Understanding Evil

Philosophical, and Emotional Reflections on a Perpetual Question by Joe Rigney (original source here)

Joe Rigney (@joe_rigney) is assistant professor of theology and Christian worldview at Bethlehem College & Seminary and author of The Things of Earth: Treasuring God by Enjoying His Gifts. He is a pastor at Cities Church.

Introduction

Where was God?

The question is always the same.

After the initial shock and horror subsides, after the news crews go home, we’re always left with the same question: Where was God?

Did he know it was going to happen? Was he aware of the shooter’s plans? Does he have foreknowledge, foresight, the ability to peer into what for us is the unknown future? Christians can’t help but say yes. God knows the end from the beginning. Indeed, he declares the end from the beginning (Isa 46:9-10), and this exhaustive foreknowledge is one of the distinguishing marks of his deity.

Was he able to prevent it? Was his arm too short to make a gun misfire, to cause an evil young man to have a car wreck on the way to his crime, to give an off-duty police officer a funny feeling in his gut that would cause him to drive by an elementary school? If God can’t prevent something like this, then what good is he? Why pray for God’s help if he can’t actually keep murderers from executing children?

But, of course, the Bible says more than that God could have prevented it; it says that it occurs “according to the counsel of his will” (Eph 1:11). Indeed, he works all things according to the counsel of his will. And when the Bible says ‘all things,’ it means all things:

This ‘all things’ includes the fall of sparrows (Matt 10:29), the rolling of dice (Prov 16:33), the slaughter of his people (Ps 44:11), the decisions of kings (Prov 21:1), the failing of sight (Exod 4:11), the sickness of children (2 Sam 12:15), the loss and gain of money (1 Sam 2:7), the suffering of saints (1 Pet 4:19), the completion of travel plans (Jas 4:15), the persecution of Christians (Heb 12:4–7), the repentance of souls (2 Tim 2:25), the gift of faith (Phil 1:29), the pursuit of holiness (Phil 3:12–13), the growth of believers (Heb 6:3), the giving of life and the taking in death (1 Sam 2:6), and the crucifixion of his Son (Acts 4:27–28). (John Piper, “Why I Do Not Say ‘God Did Not Cause This Calamity, But He Can Use It For Good’”)

All things — good, bad, ugly, and horrific — are ordained, guided, and governed by the Creator and Sustainer of the universe.

Does disaster befall a city unless the Lord has done it (Amos 3:6)? What about a school? I don’t say that lightly. I realize what I’m saying. Or rather, I know what the Scriptures are saying. I’ve wept with parents as they watched their child die slowly of an incurable disease. I’ve watched dementia rob me of my father, taunting me and my family with his slow death. I realize that confessing God’s absolute sovereignty over all things, including the pain in my lower back and the cruel disease stalking my dad and the horrific actions of a wicked man in Connecticut, is hard to fathom. But I’m not helped at all by removing God from the equation, by making him a spectator watching the tragedy unfold on CNN like the rest of us. If he can’t keep evil from happening on the front end, then how can he possibly bring us comfort on the back end?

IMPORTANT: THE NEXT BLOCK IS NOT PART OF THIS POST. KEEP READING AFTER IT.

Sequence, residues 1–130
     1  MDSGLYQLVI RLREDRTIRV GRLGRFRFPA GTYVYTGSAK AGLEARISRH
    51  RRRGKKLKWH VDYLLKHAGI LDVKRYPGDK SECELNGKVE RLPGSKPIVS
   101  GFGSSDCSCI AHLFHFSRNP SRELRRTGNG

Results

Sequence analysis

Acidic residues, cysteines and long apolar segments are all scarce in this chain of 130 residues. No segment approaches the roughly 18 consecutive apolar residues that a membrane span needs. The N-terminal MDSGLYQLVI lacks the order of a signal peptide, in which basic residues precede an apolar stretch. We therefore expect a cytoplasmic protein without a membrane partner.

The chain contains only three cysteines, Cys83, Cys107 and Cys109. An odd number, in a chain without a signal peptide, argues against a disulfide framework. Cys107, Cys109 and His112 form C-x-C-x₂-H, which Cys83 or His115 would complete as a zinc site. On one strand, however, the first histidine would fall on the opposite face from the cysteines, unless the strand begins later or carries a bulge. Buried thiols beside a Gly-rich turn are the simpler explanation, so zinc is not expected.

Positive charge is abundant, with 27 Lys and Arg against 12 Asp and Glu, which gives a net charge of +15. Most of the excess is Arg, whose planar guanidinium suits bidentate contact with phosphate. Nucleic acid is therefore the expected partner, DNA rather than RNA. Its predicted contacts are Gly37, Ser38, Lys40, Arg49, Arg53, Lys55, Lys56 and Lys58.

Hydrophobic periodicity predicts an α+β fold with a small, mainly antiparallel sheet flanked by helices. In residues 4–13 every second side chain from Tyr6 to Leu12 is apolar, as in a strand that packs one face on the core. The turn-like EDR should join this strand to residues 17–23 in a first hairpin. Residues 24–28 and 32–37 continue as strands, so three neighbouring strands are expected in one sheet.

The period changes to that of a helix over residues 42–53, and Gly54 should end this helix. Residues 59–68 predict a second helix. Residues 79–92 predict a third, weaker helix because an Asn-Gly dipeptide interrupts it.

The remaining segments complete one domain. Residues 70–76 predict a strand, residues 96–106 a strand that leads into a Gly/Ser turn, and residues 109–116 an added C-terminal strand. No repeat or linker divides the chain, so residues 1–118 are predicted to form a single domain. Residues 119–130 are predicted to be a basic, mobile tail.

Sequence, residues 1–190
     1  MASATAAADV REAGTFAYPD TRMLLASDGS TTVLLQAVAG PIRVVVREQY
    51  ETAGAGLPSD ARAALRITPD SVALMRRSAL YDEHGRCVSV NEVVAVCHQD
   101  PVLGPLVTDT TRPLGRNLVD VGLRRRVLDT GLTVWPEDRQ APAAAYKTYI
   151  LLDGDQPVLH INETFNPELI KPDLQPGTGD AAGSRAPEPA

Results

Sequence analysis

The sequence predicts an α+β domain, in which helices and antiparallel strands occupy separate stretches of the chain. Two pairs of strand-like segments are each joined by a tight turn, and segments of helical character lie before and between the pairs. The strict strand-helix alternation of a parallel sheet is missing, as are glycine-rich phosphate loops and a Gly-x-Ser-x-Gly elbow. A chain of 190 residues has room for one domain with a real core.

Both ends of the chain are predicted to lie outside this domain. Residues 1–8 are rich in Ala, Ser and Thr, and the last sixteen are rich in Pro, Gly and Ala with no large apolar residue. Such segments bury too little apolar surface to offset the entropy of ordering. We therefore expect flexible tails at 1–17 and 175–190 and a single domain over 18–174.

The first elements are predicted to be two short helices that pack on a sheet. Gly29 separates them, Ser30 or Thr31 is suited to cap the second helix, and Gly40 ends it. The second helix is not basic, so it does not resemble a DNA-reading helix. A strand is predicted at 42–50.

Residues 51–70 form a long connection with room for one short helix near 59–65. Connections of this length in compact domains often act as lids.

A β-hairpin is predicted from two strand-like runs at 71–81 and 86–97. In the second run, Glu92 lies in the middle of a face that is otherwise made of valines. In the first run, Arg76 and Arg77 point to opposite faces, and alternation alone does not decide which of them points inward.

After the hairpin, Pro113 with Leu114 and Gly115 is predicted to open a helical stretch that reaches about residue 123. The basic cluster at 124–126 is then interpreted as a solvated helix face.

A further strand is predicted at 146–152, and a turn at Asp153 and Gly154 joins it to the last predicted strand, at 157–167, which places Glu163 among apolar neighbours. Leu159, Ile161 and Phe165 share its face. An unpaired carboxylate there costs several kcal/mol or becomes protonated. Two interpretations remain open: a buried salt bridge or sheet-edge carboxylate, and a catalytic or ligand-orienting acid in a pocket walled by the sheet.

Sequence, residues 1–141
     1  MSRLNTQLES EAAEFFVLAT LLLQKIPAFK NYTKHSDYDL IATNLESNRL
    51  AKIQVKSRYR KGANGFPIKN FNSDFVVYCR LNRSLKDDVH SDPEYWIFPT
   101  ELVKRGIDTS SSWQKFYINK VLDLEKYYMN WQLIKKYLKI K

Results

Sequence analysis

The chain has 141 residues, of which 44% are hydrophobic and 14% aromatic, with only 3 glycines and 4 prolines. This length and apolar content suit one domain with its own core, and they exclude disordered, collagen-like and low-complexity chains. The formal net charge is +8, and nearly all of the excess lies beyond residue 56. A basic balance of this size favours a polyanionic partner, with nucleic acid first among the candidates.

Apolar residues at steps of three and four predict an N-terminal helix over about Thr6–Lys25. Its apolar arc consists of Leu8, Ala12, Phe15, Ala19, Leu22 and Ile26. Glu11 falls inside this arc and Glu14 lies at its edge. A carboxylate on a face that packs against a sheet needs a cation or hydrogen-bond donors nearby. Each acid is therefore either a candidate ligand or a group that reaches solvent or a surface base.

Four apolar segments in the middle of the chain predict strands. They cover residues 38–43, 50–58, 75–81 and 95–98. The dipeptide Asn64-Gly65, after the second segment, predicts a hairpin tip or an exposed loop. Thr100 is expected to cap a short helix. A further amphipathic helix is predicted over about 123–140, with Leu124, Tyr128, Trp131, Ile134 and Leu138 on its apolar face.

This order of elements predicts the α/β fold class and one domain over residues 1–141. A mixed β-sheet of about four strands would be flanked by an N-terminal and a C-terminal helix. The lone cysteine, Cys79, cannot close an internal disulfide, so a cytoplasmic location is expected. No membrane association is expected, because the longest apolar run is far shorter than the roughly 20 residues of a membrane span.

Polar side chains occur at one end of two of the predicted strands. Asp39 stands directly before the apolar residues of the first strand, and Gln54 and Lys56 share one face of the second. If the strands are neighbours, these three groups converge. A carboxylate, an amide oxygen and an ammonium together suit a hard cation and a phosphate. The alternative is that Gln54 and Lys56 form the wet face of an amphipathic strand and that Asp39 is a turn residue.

It’s questions like these that have driven me again and again to the Scriptures. And what I’ve found there is a wealth of help in navigating the problem(s) of evil (there’s not just one, you know).

There’s the biblical-theological problem: What does the Bible teach on God’s goodness and the reality of evil, and how can we coherently put the pieces together? Continue reading

Explaining the First Sin

questionmarkredstandingFrom the Rob writes in to ask: “Pastor John (Piper), as someone who is reformed/Calvinist, I highly appreciate Jonathan Edwards who claims that (1) free will is doing what we desire but that (2) God gives us the desire to do good. With that being said, and keeping James 1:13 in mind, I’m having trouble understanding where Lucifer received his first desire to sin. Norman Geisler says ‘the unmistakable logical conclusion for the extreme Calvinist [is that] both Lucifer and Adam sinned because God gave them the desire to sin’ [Chosen But Free, page 36]. I would imagine that Adam received his desire to sin from Eve who received it from the serpent/Satan, but if God is sovereign over all things — including our desires — would that make him the initial author of the first desire to sin?” How do you answer this mystery?

For as many years as I can remember, I have said that among the mysteries in my theology for which I do not have an adequate answer, one of them is the question how — “how” is a key word here — how did the first sin come about?

And by the first sin, I don’t mean Adam’s first sin, I mean Satan’s first sin, the very first sin in the universe. The Bible opens not with the beginning of evil, but with the presence of unexplained evil. Man is created innocent and the serpent is already there, deceitful, manifestly opposed to the God of creation, and that is where the Bible begins. And as far as I can see, no explanation is offered in the Bible for how Satan became evil. I know there are hints that he was a perfect angel created by God.

Jude refers to angels who did not stay within their own position of authority, but left their proper dwelling, whom God has kept in eternal chains under gloomy darkness until the judgment of the great day (Jude 6). And I don’t doubt that Satan was created good and fell from his proper place like Jude says, because I don’t think that evil and God are both eternal and ultimate realities. I am not a dualist. God and his goodness and wisdom and power are the only ultimate eternal realities. And evil is somehow derivative, secondary without God being a sinner. And all of that virtually all Christians agree on.